Background:Ethnic groups differ significantly in adult physique and birth weight. We aimed to improve understanding of maternal versus paternal contributions to ethnic differences in birth weight, by comparing the offspring of same-ethnic versus mixed-ethnic unions amongst Europeans and South Asian Indians in the UK.Methodology and principal findings:We used data from the UK Office for National Statistics Longitudinal Study (LS) and the Chelsea and Westminster Hospital (CWH), London. In the combined sample at all gestational ages, average birth weight of offspring with two European parents was significantly greater than that of offspring with two Indian parents [Δ = 344 (95% CI 329, 360) g]. Compared to offspring of European mothers, the offspring of Indian mothers had lower birth weight, whether the father was European [Δ = -152 (95% CI -92, -212) g] or Indian [Δ = -254 (95% -315, -192) g]. After adjustment for various confounding factors, average birth weight of offspring with European father and Indian mother was greater than that of offspring with two Indian parents [LS: Δ = 249 (95% CI 143, 354) g; CWH: Δ = 236 (95% CI 62, 411) g]. Average birth weight of offspring with Indian father and European mother was significantly less than that of offspring with two European parents [LS: Δ = -117 (95% CI -207, -26) g; CWH: Δ = -83 (-206, 40) g].Conclusions/Significance:Birth weight of offspring with mixed-ethnic parentage was intermediate between that of offspring with two European or two Indian parents, demonstrating a paternal as well as a maternal contribution to ethnic differences in fetal growth. This can be interpreted as demonstrating paternal modulation of maternal investment in offspring. We suggest long-term nutritional experience over generations may drive such ethnic differences through parental co-adaptation. © 2013 Wells et al.


Willis H.,Royal Cornwall Hospitals NHS Trust
Emergency Medicine Journal | Year: 2012

A short cut review was carried out to establish ultrasonography was as good as radiography at detecting fracture clavicles in children. 580 papers were found using the reported searches, of which 5 presented the best evidence to answer the clinical question. The author, date and country of publication, patient group studied, study type, relevant outcomes, results and study weaknesses of these best papers are tabulated. It is that ultrasonography is sensitive at detecting clavicular fractures in children.


Roberts N.,Royal Cornwall Hospitals NHS Trust | Bradley B.,Royal Cornwall Hospitals NHS Trust | Williams D.,Royal Cornwall Hospitals NHS Trust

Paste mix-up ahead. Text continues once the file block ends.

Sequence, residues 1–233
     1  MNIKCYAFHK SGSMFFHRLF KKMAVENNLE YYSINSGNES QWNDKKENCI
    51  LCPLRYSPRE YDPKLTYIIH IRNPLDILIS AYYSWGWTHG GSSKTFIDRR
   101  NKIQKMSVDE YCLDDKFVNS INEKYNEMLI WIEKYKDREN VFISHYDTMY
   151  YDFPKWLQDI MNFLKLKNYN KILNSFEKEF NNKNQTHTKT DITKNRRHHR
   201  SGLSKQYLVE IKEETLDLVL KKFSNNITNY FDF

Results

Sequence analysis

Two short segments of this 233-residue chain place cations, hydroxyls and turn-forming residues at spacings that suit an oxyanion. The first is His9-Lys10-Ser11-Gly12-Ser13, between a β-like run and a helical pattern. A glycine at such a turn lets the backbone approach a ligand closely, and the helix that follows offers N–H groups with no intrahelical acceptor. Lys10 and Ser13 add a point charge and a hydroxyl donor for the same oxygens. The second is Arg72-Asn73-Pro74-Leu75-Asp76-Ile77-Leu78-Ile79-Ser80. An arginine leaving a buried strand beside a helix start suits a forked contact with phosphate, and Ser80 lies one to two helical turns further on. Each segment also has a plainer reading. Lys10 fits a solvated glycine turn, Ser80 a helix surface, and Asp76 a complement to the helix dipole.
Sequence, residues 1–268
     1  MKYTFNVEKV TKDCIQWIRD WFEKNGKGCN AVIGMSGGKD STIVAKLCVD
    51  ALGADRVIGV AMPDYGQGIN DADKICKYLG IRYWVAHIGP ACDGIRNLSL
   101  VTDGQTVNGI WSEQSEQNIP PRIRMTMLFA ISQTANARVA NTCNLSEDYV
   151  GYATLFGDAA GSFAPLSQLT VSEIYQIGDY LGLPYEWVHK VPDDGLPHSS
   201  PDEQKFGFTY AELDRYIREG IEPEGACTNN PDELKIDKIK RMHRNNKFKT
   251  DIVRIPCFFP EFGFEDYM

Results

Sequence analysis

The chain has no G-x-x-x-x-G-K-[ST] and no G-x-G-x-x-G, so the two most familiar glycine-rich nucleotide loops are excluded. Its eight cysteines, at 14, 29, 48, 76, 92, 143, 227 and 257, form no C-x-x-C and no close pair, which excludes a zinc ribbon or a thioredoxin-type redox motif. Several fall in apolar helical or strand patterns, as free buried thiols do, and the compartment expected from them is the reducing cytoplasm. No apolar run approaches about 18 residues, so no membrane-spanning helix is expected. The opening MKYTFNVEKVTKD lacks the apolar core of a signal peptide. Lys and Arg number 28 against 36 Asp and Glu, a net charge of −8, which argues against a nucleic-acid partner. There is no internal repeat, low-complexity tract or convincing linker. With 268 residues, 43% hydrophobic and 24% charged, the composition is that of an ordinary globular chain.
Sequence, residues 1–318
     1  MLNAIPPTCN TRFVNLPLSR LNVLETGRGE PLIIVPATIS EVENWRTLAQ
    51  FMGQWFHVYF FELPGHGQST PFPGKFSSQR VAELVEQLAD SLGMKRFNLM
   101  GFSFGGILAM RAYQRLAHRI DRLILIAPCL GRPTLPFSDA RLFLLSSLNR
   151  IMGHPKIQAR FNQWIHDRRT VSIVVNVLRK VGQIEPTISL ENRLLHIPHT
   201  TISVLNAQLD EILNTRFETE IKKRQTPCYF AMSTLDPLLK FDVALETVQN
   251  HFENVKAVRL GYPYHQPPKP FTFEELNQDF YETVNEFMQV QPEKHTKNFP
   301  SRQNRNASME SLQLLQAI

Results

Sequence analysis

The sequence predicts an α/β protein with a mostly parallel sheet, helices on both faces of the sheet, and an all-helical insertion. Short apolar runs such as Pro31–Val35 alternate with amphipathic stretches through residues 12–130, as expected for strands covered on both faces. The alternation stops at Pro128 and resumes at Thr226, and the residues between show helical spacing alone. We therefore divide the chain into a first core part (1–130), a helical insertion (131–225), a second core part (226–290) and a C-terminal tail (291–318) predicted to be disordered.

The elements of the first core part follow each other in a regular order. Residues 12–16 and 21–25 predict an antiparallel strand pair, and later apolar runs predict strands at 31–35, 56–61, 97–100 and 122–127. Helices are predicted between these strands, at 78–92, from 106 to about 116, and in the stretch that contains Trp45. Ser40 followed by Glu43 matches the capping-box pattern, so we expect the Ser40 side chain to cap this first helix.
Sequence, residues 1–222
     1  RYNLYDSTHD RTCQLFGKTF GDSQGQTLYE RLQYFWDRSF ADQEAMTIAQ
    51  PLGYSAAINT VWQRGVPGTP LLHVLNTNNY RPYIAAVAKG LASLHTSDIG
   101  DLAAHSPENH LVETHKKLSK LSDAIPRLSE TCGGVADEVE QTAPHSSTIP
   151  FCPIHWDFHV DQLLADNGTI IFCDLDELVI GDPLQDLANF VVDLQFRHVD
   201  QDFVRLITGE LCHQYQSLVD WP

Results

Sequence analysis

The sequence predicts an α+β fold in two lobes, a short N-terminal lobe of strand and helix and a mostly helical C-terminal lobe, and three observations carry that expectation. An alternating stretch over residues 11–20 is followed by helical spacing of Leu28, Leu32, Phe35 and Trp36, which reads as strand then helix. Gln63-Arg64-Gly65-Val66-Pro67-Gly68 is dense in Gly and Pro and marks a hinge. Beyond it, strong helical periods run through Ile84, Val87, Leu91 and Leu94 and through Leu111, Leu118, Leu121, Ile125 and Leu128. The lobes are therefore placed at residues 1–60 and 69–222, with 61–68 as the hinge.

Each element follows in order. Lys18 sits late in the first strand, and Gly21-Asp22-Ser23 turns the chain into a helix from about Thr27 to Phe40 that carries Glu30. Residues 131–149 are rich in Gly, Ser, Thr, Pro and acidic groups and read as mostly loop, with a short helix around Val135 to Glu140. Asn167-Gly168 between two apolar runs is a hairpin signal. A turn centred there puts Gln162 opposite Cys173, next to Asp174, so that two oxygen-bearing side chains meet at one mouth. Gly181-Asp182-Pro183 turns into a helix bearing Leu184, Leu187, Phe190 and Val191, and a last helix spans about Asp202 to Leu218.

Annals of the Royal College of Surgeons of England | Year: 2014

INTRODUCTION: Electronic patient reported outcome measures (PROMs) enable real time reporting back to the patient and medical team, comparison between similar patient cohorts and long-term cost effective outcome measurement. The primary objective of this three-phase pilot study was to measure uptake using a web-based PROM system following the introduction of two separate process improvements. METHODS: Eighty consecutive new elective orthopaedic patients in a single surgeon's practice were recruited for the study. Patients in Group 1 (n=26) received only a letter reminding them to complete a symptom score. Those in Group 2 (n=31) also received a reminder SMS (short message service) message via their mobile or home telephone and those in Group 3 (n=23) also had access to a tablet computer in clinic. RESULTS: The mean patient age in Group 1 was 55 years (range: 24-80 years), in Group 2 it was 60 years (range: 23-85 years) and in Group 3 it was 58 years (range: 37-78 years) (p>0.05). Overall, 79% of patients had internet access, and 35% of Group 1, 55% of Group 2 and 74% of Group 3 recorded an electronic PROM score (p=0.02). In Group 3, 94% of patients listed for an operation completed an electronic PROM score (p=0.006). CONCLUSIONS: Collecting PROM data effectively in everyday clinical practice is challenging. Electronic collection should meet that challenge and improve healthcare delivery but it is in its infancy. This pilot study shows that the combination of an SMS reminder and access to a Wi-Fi enabled tablet computer in the clinic setting enabled 94% of patients listed for an operation to complete a score on a web-based clinical outcomes system. Additional staff training and telephone call reminders may further improve uptake.


Brown A.S.,Royal Cornwall Hospitals NHS Trust
Nurse researcher | Year: 2010

The safe and competent use of complex medical devices requires training for healthcare staff, and external assurance standards require hospital trusts to provide evidence of such training. This paper describes a novel, non-confrontational approach to obtaining this information, using syringe drivers as an example.


Newton H.,Royal Cornwall Hospitals NHS Trust
British Journal of Health Care Management | Year: 2013

The cost of managing patients with chronic wounds is rising and accounts for 3% of the total NHS budget. Despite significant advances in wound management over the last 35 years there remains little evidence of standardised practices across the country. The management of wounds is continually viewed as a challenging and costly area of practice. The challenges arise from the increasing complexity of acute and chronic wounds, which are affected by patients multiple comorbidities, resistant bacteria and an aging population. There is also a plethora of dressings available in the market place today which despite providing a wide choice can be confusing and costly if inappropriately used. This article will explore the principles of wound healing, highlighting key factors that can impact on outcomes. The main types of wound dressings will also be discussed.


Newton H.,Royal Cornwall Hospitals NHS Trust
Wounds UK | Year: 2010

Tackling healthcare-associated infections (HAIs) such as meticillin-resistant Staphylococcus aureus (MRSA) continues to be a key safety issue. As a result of surveillance, it was reported that the author's trust, a secondary care provider, had a poor rating for MRSA bacteraemias. From April 2008 to March 2009, 12 patients developed a bacteraemia that through root cause analysis was found to be associated with their wound. This article describes the strategic and educational plan developed to address this trust-wide issue and its impact in reducing wound-associated MRSA bacteraemias. It also acknowledges the resulting changes in clinical practice.